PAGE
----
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Nature not a ledger but spring bear hunt isn’t the answer

By Paul Glendenning, Hamilton

Sustainable populations of black bears do not mean static. An equal birth/death ratio is impossible, and nature is not a ledger, but has fluctuations that are natural.

One concern many Ontarians have is the orphaning of cubs which does occur and is an unnecessary casualty of a spring bear hunt. But there is also its ineffectiveness, lack of necessity and ethical issues, as well as unnecessary harm to our black bear populations.

The hunt is ineffective because it targets the large males that bring stability to a population and does nothing for the young who are most likely to enter towns and can be conditioned through non-lethal hazing.

The spring bear hunt is unnecessary because there is no population explosion, and what we do know seems to indicate a static population level. There are also ethical issues. The orphaning of cubs happens regardless of the intent by many hunters not to kill females. But there is also the destabilization of populations by taking out dominant males. This further slows mating, and black bears are the second slowest breeding species in North America. There is also the baiting of bears newly awakened and starving that are no match for baiting stations. It is a lazy way to hunt and have not proven to be any advantage in determining gender.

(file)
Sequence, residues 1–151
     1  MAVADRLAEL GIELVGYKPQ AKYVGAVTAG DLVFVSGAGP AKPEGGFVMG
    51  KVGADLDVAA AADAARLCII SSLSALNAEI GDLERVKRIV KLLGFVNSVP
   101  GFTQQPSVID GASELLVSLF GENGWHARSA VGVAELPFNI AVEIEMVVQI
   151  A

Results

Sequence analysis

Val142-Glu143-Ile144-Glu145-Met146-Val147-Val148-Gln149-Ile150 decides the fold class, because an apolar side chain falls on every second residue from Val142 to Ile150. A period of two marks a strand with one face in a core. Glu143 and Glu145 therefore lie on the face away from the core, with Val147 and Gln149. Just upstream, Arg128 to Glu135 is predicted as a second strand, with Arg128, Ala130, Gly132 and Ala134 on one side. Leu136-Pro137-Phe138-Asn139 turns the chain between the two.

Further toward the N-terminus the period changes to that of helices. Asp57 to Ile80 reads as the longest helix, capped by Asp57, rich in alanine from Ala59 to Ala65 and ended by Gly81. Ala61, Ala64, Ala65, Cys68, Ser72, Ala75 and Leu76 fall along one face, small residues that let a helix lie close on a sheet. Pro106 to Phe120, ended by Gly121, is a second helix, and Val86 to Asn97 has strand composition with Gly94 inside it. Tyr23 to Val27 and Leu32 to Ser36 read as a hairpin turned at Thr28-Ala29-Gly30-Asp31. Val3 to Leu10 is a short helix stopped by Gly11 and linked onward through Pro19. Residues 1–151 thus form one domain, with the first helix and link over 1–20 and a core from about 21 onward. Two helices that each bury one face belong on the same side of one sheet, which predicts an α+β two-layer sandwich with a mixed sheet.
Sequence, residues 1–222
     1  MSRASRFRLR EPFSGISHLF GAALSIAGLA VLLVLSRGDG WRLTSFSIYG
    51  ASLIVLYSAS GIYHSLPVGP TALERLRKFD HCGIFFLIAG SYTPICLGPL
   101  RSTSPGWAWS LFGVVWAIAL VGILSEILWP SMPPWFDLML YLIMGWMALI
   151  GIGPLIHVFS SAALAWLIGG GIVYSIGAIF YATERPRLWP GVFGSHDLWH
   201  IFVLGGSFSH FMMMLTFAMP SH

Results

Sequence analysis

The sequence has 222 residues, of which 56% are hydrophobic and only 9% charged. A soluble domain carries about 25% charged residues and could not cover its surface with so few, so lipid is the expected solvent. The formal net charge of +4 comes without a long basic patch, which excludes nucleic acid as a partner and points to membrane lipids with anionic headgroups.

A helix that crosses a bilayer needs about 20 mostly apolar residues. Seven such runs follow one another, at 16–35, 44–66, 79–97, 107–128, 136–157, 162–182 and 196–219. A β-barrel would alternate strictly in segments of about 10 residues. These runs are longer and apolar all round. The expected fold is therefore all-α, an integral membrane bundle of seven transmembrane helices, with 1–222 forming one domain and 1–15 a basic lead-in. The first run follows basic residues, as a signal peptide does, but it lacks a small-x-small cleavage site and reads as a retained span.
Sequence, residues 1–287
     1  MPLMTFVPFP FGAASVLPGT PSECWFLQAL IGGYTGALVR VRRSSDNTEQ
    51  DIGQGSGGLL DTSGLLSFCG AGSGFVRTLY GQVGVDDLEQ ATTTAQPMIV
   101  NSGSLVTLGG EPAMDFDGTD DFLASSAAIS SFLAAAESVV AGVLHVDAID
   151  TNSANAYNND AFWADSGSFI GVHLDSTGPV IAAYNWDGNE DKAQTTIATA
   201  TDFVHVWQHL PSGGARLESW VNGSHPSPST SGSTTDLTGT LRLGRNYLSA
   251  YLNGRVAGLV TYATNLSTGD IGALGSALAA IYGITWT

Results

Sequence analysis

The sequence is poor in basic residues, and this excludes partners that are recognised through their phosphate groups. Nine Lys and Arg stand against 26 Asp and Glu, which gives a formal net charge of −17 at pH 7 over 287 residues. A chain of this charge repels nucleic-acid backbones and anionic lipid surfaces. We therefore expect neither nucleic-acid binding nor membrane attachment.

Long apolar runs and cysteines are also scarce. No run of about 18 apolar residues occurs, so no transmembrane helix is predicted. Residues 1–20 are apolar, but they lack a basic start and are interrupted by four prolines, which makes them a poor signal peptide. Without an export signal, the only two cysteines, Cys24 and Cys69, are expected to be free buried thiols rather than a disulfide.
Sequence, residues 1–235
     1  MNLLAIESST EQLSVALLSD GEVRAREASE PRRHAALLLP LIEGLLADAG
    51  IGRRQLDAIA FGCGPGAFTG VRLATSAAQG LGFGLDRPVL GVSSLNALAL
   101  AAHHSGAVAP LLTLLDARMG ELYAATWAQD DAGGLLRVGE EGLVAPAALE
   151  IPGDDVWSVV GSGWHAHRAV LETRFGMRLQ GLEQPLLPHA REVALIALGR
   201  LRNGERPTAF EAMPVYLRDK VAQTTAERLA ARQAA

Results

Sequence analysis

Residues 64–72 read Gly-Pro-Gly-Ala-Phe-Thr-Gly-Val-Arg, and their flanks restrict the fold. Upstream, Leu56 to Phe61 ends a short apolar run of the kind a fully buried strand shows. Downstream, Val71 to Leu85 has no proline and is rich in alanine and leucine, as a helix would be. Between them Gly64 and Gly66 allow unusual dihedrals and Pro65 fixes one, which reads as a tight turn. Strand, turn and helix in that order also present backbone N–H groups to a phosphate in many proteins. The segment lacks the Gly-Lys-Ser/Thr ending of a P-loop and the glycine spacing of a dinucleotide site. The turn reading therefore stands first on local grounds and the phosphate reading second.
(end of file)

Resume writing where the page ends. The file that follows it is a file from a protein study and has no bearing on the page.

We also have poor record-keeping as actual bears killed is determined only by a voluntary report by hunters, and those who do not follow the rules are unlikely to tell authorities.

Black bears are not the threat being portrayed, and in over 100 years have only killed seven people; meanwhile hunters killed more than 5,000 bears in Ontario in 2012 alone.

We have a good plan in place, if properly reinstituted, which includes relocation of wandering bears and is a real sustainable solution. A spring bear hunt is no answer and will not make our communities safe.

 

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